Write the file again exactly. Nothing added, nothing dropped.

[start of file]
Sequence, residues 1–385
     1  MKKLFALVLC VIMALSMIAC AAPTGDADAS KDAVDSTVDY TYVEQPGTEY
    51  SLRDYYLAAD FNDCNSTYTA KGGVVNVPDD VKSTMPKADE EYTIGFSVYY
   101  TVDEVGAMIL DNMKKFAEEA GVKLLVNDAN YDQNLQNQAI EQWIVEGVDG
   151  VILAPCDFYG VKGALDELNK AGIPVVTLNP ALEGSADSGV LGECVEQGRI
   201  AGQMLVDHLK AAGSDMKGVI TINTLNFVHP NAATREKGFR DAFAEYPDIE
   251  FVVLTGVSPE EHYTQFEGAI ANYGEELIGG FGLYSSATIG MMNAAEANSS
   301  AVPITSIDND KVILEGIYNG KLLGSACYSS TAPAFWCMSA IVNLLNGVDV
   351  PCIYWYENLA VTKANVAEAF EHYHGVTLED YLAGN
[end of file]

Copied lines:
Sequence, residues 1–385
     1  MKKLFALVLC VIMALSMIAC AAPTGDADAS KDAVDSTVDY TYVEQPGTEY
    51  SLRDYYLAAD FNDCNSTYTA KGGVVNVPDD VKSTMPKADE EYTIGFSVYY
   101  TVDEVGAMIL DNMKKFAEEA GVKLLVNDAN YDQNLQNQAI EQWIVEGVDG
   151  VILAPCDFYG VKGALDELNK AGIPVVTLNP ALEGSADSGV LGECVEQGRI
   201  AGQMLVDHLK AAGSDMKGVI TINTLNFVHP NAATREKGFR DAFAEYPDIE
   251  FVVLTGVSPE EHYTQFEGAI ANYGEELIGG FGLYSSATIG MMNAAEANSS
   301  AVPITSIDND KVILEGIYNG KLLGSACYSS TAPAFWCMSA IVNLLNGVDV
   351  PCIYWYENLA VTKANVAEAF EHYHGVTLED YLAGN